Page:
• Folks who are tired of the hassle of loading and unloading plates because a traditional bar jack doesn’t work on trap bars will like the built-in bar jack here.

Who Shouldn’t Buy Force USA Walkthrough Trap Bar

  • Those who like a more aggressive knurl on the handles may not like the more passive cut of the knurling on this trap bar.
  • Lifters who are quite strong deadlifters may need an option with a higher weight capacity. The 660 pound capacity on this bar is fairly high, but still may not be enough for some.
  • Anyone who is looking for a budget trap bar. Though this bar is competitively priced for the versatility of it, the near $400 price tag before taxes and possible shipping charges may be still too steep for some.

The Force USA Walkthrough trap bar is a highly versatile bar that’s a great option for anyone looking to learn proper deadlift technique, or perform a variety of exercises. You can do walking lunges, shrugs, suitcase carries, and even rows thanks to the multiple grips that this bar features.

Best Trap Bar for Knurling

Knurling may be less of a consideration for some on a trap bar than a traditional barbell, but it can still be important. Most trap bars have less aggressively cut knurling, but a more abrasive cut may help improve your grip on the bar. If you’re looking for a trap bar with aggressive knurling that feels solid in your hands but won’t tear your skin apart, look no further than the Rogue TB-2 Trap Bar.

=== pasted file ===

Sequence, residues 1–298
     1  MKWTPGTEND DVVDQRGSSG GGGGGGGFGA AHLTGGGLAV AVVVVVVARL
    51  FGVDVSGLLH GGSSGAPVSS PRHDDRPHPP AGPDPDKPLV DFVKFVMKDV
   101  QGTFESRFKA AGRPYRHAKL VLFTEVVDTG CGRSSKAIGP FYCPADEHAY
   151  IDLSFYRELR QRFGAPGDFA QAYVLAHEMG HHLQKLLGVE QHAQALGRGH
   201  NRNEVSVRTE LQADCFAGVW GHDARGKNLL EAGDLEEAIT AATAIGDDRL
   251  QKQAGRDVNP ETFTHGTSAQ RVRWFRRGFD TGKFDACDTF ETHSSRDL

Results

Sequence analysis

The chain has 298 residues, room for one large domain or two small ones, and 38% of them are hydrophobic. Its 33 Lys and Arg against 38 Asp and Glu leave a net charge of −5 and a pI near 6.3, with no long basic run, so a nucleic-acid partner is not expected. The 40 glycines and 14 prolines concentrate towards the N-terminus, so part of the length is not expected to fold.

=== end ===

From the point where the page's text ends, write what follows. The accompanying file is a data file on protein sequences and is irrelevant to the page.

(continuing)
Rogue TB-2 Trap Bar

The TB-2 from Rogue is a redesign of their original TB-1, in which they added a set of elevated handles, as well as reduced the weight of the bar to 60 pounds. The handles, which feature an aggressive but not abrasive knurl on both sets of parallel handles, are spaced 25 inches apart on center. The TB-2 is like the power bar of trap bars thanks to the rigid construction and more deeply cut knurling on the handles that provide a great grip without feeling too sharp. Rogue’s TB-2 is like the power bar of trap bars. If you like to train grip while hitting other muscle groups, the handles which measure about 34mm in diameter, will help you do that. 

This trap bar is unique in many ways thanks to 16 inches of loadable space on the sleeves and larger diameter handles. It also features a smaller diameter for the sleeves, which are smaller than most Olympic sleeves and require special collars to secure the weights, so be sure you have the right collars to hold the plates in place. One aspect of this bar that isn’t as notable as it should be is that it’s rackable, so you can shoulder press or bench press with it if you want to use a neutral grip — and it will still feel similar to a barbell in your hand thanks to the deep cut knurling Rogue included on the handles.

Rogue TB-2 Trap Bar
Rogue TB-2 Trap Bar
Rogue TB-2 Trap Bar

This trap bar features two sets of fully knurled handles for you to workout with. One set of handles are raised, and sit 8.25 inches off the ground, while the other set are level with the frame of the bar to increase your range of motion. 

Who Should Buy Rogue TB-2 Trap Bar